Now, imagine this sensation we’re living these days and, even though in a less powerful and visible way, spread it on a long period which lasted for about forty years. Exactly! How did people survive and trust anyone?

One of the narrative elements that make this even more unsettling is the belief by the general Jack D. Ripper [well, the reference is pretty clear, isn’t it?] that the water – key element of our nature – is contaminated. And what could even be more contemporary than something that attacks our everyday life in an unexpected and invisible way? Something that we don’t know where it comes from and we can’t seem to define its characteristic?

Film tone.

Although we know this introduction could almost suggest that the film moves in a slow and dramatic way, the strength of this film – and the reason we’re adding it to the Apocalypse Later, please! section – is to be found in the satirical and comical character of the entire film.

The characters seem caricatures: mad scientists, military majors and generals completely out of their minds, a war room that recalls a circus and then, Peter Sellers who interprets 3 different characters in exceptional way. The editing and the rhythm makes the film relentless. Even the trailer seems to underline the humour side more over than the apocalyptic one:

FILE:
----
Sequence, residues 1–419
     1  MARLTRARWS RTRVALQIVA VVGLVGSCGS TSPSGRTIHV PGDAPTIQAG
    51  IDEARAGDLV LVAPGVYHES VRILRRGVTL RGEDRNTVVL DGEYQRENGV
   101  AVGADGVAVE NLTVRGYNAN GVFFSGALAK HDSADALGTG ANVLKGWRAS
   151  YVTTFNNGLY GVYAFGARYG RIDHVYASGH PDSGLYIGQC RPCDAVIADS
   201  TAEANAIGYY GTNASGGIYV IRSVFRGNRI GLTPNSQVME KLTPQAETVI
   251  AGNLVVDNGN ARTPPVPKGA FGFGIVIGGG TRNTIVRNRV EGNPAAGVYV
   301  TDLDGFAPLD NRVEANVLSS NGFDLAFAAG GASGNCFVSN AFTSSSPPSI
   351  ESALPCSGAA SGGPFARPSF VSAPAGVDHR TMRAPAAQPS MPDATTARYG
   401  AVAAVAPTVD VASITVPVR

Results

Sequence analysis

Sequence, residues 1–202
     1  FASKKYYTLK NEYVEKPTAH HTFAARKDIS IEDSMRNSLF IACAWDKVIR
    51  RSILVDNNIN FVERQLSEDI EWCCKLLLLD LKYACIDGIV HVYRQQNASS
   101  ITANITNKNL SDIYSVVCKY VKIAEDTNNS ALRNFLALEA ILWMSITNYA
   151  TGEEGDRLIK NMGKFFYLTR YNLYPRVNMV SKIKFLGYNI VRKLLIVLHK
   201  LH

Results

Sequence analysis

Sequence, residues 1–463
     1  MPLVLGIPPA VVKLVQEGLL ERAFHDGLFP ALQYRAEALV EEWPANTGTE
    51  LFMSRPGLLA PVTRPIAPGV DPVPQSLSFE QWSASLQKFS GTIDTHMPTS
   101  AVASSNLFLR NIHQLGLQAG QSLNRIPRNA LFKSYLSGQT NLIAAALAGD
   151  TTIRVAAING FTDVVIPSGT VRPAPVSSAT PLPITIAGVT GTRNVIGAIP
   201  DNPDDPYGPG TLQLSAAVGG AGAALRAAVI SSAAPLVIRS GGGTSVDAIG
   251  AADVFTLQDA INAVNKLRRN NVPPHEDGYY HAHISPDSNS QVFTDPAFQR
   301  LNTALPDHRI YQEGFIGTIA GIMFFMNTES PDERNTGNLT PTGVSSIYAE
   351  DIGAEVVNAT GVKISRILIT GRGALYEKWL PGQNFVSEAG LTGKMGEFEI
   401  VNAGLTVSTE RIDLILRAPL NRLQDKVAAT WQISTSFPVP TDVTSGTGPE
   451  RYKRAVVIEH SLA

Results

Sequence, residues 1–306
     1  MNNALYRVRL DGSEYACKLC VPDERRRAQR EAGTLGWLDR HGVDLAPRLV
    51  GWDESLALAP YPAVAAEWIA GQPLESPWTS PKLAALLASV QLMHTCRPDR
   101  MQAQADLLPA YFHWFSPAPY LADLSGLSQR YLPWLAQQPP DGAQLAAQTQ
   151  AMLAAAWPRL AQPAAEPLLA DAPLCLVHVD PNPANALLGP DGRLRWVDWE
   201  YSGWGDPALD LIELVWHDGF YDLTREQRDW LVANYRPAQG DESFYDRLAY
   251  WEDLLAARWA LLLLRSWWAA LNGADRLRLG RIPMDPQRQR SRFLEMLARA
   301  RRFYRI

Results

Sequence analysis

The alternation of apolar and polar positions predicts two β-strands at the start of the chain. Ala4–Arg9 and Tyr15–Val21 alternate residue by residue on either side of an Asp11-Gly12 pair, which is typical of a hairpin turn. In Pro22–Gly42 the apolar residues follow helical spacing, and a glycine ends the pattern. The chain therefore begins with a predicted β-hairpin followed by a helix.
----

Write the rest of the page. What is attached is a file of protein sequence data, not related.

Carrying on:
Even the film title accounts for the satirical turn and the attempt to make people think through a laugh: Dr. Strangelove – or: How I Learned to Stop Worrying and Love the Bomb. How could anyone love something so deadly like an atomic bomb (well, aside from the pilot of the plane)? A way forward could then be to stop worrying and – respecting all the measures our governments ask us to take so that we can get back to our lives as they were before – start laughing exorcising our fears.

Why this film?

We are aware that the choice of this film could be read as slightly off theme and we understand the motivations for such a critique. What we want to turn the spotlight on is the uncontrollable presence of news and texts that intend to offer insight and enlightenments on what is “really” happening: we are referring to a number of hypothesis of people and scholars – or self-proclaimed so – that are trying in every way possible to push their paranoid opinion as reality.